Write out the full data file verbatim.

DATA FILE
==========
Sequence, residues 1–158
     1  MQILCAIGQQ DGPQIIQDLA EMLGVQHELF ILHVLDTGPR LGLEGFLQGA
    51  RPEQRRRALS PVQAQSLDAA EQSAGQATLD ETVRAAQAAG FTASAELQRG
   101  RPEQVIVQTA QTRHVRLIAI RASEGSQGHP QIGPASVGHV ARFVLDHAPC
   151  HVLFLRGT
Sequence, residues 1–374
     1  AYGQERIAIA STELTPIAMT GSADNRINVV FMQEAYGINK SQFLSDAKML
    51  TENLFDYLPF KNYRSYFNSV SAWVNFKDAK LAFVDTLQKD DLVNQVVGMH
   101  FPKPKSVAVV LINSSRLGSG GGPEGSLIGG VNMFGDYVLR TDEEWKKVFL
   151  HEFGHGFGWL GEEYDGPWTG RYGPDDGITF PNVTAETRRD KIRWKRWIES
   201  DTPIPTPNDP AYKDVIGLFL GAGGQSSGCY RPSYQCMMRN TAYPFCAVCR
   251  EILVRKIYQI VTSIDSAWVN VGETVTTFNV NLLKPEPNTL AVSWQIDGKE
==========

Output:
Sequence, residues 1–158
     1  MQILCAIGQQ DGPQIIQDLA EMLGVQHELF ILHVLDTGPR LGLEGFLQGA
    51  RPEQRRRALS PVQAQSLDAA EQSAGQATLD ETVRAAQAAG FTASAELQRG
   101  RPEQVIVQTA QTRHVRLIAI RASEGSQGHP QIGPASVGHV ARFVLDHAPC
   151  HVLFLRGT
Sequence, residues 1–374
     1  AYGQERIAIA STELTPIAMT GSADNRINVV FMQEAYGINK SQFLSDAKML
    51  TENLFDYLPF KNYRSYFNSV SAWVNFKDAK LAFVDTLQKD DLVNQVVGMH
   101  FPKPKSVAVV LINSSRLGSG GGPEGSLIGG VNMFGDYVLR TDEEWKKVFL
   151  HEFGHGFGWL GEEYDGPWTG RYGPDDGITF PNVTAETRRD KIRWKRWIES
   201  DTPIPTPNDP AYKDVIGLFL GAGGQSSGCY RPSYQCMMRN TAYPFCAVCR
   251  EILVRKIYQI VTSIDSAWVN VGETVTTFNV NLLKPEPNTL AVSWQIDGKE